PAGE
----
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Archive of September 21, 2008

Parishes get creative with efforts to go 'green'

Baltimore, Md., Sep 21, 2008 (CNA) - They call him Recycle Sam, although his name is Ross. The pastor of St. Casimir, Canton, earned the nickname for encouraging his parishioners to recycle.

“While at times it is an inconvenience,” said Father Ross M. Syracuse, O.F.M. Conv., “it is amazing to see how much recyclable material we actually use.”

The parish put recycle containers in place, holds daily Mass in the chapel instead of the church to save energy, installed programmable thermostats, replaced school windows with energy efficient ones, and replaced light bulbs with a more energy efficient type.

“This is another ‘no-brainer’ way to turn green,” Father Syracuse said.

The thermostats have been one of the parish’s biggest energy savers, said the pastor – it’s convenient to have boilers or air-conditioning units automatically turn on and shut off.

“Too often,” he said, “it’s easy to forget to turn something on or off.”

Over 11 years, the St. Casimir faith community has tried to do its part to protect and preserve what has been entrusted to us from God.

“As Franciscans,” said Father Syracuse, “we are called in a special way to care for creation and the environment in the spirit and example of St. Francis of Assisi.”

In Howard County, the green path follows to St. Alphonsus Rodriguez, Woodstock, where paper recycling efforts utilize the now recognized yellow and green Abitibi “paper retrievers.” They fetch newspapers better than a dog.

The Abitibi’s paper recycling program is designed for schools, large organizations and civic groups to receive money for recycling.

“The Abitibi Paper Retriever is well-used,” said Valerie Herrington, coordinator of youth and young adult ministry. “Our bin is picked up every two weeks.”

The parish also recycles cans and plastic bottles, and through its social justice committee, offers informal programs to educate various age groups to care for the earth and stay aware of environmental impact issues, said Ms. Herrington. Information is filtered through homilies and youth ministry and religious education lessons.

Abitibi bins are peppered throughout the archdiocese in 22 locations, the company reported. Organizations earn a small sum per ton of paper from Abitibi.

Other parishes are on the green bandwagon, too, including those holding bicycle drives – another solution to keeping piles of material out of landfills.

A Knights of Columbus arm of the Catholic Community of St. Francis Xavier, Hunt Valley, held a used bicycle drive after Masses during the weekend of Aug. 16-17. The bikes were refurbished and donated to inner-city parishes, including St. Francis Xavier’s sister parish, St. Gregory the Great. The parish also began paper recycling recently, also with Abitibi.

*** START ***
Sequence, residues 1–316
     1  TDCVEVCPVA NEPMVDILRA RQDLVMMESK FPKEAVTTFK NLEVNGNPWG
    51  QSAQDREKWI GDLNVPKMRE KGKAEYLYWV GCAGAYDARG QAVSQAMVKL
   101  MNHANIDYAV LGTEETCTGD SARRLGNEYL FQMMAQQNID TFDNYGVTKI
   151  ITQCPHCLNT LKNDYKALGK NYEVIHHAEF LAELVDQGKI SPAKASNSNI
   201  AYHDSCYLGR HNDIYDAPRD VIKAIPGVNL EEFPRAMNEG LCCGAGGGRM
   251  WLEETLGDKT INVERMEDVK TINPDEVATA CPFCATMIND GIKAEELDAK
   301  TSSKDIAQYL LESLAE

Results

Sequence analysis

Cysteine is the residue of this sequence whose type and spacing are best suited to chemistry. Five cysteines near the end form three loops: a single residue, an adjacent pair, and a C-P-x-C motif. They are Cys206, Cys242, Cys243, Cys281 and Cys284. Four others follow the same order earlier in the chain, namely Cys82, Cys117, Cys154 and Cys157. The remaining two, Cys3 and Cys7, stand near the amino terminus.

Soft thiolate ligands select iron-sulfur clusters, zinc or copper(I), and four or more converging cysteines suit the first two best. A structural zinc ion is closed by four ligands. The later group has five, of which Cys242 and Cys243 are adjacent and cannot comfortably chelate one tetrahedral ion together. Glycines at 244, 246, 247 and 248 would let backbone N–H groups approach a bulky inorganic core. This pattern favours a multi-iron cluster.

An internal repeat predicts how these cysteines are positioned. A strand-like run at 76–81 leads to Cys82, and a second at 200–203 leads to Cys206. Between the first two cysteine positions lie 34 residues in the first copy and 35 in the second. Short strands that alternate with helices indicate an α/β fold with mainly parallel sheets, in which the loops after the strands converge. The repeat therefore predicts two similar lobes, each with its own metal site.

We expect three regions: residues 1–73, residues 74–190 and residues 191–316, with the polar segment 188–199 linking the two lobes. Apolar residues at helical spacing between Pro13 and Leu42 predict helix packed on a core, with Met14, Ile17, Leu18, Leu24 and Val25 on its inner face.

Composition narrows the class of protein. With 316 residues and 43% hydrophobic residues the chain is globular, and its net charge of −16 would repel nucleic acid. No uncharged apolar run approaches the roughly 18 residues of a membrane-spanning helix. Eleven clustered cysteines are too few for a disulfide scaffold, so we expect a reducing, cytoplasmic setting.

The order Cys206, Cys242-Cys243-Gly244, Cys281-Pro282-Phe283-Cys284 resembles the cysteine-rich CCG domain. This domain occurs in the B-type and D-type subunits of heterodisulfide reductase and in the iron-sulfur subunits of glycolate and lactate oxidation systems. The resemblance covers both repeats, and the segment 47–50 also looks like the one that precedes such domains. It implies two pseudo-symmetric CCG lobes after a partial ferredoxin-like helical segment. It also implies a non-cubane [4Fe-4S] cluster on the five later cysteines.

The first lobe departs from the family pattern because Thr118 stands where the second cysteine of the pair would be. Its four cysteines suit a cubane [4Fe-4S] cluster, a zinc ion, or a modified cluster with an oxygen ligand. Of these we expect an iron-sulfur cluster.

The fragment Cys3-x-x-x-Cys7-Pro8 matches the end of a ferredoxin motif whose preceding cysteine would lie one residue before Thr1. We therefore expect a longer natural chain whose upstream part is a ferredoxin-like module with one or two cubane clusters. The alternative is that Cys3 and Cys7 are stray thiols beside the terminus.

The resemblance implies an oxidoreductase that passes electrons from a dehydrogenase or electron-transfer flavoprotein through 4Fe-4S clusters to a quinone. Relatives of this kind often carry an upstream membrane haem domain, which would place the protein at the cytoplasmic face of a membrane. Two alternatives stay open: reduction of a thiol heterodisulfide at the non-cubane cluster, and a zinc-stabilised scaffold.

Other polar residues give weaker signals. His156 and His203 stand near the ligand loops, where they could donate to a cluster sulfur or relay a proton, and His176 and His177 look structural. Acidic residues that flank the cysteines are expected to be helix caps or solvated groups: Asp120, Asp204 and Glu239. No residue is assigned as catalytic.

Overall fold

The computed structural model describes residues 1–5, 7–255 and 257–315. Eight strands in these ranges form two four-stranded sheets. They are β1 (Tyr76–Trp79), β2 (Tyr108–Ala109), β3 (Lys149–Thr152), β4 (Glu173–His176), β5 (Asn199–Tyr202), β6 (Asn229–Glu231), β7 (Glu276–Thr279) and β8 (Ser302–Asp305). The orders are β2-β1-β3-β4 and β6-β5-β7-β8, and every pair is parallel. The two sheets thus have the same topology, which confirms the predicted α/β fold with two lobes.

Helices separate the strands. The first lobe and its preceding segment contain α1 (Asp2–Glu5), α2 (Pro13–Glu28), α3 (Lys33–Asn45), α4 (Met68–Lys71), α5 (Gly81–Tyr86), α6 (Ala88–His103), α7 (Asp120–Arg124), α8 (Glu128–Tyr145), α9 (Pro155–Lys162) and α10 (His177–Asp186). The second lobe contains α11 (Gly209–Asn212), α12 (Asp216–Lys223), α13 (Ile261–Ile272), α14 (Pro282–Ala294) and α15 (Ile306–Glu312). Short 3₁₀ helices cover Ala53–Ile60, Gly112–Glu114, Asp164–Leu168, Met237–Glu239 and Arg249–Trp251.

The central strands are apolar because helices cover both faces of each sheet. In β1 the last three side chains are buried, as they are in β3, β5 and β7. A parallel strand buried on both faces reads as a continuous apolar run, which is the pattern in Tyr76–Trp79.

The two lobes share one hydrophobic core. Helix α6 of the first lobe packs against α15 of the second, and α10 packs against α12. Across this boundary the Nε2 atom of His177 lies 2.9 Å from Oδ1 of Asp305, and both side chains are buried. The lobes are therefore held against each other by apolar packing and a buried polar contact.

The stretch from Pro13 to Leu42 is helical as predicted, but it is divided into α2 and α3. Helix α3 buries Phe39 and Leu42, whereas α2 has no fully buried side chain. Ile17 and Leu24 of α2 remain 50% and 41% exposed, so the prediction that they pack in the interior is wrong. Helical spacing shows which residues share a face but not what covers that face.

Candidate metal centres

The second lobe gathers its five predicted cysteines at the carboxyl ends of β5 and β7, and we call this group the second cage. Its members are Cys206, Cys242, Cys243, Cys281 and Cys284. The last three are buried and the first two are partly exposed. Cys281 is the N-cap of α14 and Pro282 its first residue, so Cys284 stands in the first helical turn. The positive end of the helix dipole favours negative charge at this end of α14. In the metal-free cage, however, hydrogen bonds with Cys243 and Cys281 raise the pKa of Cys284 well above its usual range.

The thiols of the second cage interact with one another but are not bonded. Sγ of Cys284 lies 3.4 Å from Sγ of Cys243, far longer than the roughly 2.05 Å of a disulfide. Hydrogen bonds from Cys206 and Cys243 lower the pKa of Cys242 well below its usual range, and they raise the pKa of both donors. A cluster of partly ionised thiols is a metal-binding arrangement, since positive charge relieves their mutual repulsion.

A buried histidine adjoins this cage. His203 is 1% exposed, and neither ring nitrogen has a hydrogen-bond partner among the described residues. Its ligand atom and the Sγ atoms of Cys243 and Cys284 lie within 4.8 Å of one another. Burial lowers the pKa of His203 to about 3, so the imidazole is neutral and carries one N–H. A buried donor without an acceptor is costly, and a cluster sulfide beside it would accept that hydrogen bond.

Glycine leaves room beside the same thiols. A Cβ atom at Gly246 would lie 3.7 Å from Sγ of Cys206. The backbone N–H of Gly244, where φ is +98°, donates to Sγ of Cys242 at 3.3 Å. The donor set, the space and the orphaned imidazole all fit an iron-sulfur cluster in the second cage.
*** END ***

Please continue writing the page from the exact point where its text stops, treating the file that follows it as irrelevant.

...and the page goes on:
St. Lawrence Martyr, Jessup, has two recycle bins for newspapers, which are doing very well.

“Parishioners,” said Kathy Glass, secretary, “are just so great about bringing their newspapers.”

The parish has earned more than $700 in one year from Abitibi, and was also awarded $200 for winning an Abitibi contest.

Like St. Casimir, the parish has replaced light bulbs with energy efficient ones, insulated the parish center and installed programmable thermostats.

As a whole, the archdiocese has plans to turn greener and stay on a path of conservation. The facilities and real estate division is in the process of forming a green council, already supported by Bishops Mitchell T. Rozanski, eastern vicar, and Denis J. Madden, urban vicar, who will serve on it, along with priest representatives from various parishes.

Nolan McCoy, the division’s director, wants to be the first green archdiocese in the United States.

“It is each parish and school’s responsibility to take care of the earth we have been entrusted with,” he said. “We should all have a goal to reduce the amount of resources we consume while fulfilling our ministries. That includes energy, water and materials we put out to landfills. Anything we can do to save a single kilowatt will be for the benefit of the archdiocese.”

The first step is to establish a baseline of the archdiocese’s performance in its 16 million square feet of space and several thousand buildings.

“To know if you’re getting better,” said Mr. McCoy, “you have to know how you’re performing.”

Parishes and schools will be visited so as to identify kilowatt consumption used per square foot – who has the best practices and who is using the most energy.

“We can help them put technologies into place,” said Mr. McCoy. “It’s our moral obligation, our responsibility, to protect the earth for future generations.”

Printed with permission of The Catholic Review, newspaper for the Archdiocese of Baltimore, Maryland. 

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Blood of Saint Januarius liquifies again in Naples cathedral